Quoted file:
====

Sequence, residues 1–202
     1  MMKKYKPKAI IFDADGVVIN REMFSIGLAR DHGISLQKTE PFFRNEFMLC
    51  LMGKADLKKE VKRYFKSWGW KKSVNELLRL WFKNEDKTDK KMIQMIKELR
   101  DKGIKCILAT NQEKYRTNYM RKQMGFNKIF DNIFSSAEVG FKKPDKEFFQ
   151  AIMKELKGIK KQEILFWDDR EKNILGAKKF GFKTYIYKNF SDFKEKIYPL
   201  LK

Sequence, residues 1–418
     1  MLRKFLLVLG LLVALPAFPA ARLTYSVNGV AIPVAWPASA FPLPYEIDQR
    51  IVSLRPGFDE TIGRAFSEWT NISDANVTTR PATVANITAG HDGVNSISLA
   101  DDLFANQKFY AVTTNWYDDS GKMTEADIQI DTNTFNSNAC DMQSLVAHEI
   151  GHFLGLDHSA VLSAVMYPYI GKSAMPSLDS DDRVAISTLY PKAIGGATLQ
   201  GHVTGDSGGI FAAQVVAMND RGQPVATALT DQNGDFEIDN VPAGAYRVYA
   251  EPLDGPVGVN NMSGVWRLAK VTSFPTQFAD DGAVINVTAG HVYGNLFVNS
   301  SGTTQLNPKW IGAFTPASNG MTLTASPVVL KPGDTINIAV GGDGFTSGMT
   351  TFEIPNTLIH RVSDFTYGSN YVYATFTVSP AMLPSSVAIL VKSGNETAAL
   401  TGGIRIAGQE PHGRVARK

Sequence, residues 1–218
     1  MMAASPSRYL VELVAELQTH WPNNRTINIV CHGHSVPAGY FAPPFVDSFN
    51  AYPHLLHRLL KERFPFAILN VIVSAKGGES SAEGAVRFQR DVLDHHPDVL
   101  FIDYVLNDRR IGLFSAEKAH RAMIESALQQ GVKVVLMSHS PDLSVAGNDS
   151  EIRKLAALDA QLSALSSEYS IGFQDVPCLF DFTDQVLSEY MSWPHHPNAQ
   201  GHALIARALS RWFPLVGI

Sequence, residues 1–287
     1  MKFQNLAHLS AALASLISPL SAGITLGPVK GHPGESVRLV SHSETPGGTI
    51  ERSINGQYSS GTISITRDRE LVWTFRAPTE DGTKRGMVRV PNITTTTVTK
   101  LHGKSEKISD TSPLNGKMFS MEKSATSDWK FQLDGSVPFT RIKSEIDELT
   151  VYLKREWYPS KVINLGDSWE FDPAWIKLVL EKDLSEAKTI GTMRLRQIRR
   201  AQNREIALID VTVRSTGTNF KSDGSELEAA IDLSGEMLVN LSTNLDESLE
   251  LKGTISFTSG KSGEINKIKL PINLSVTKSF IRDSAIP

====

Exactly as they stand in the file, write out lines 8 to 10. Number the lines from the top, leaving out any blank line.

     1  MLRKFLLVLG LLVALPAFPA ARLTYSVNGV AIPVAWPASA FPLPYEIDQR
    51  IVSLRPGFDE TIGRAFSEWT NISDANVTTR PATVANITAG HDGVNSISLA
   101  DDLFANQKFY AVTTNWYDDS GKMTEADIQI DTNTFNSNAC DMQSLVAHEI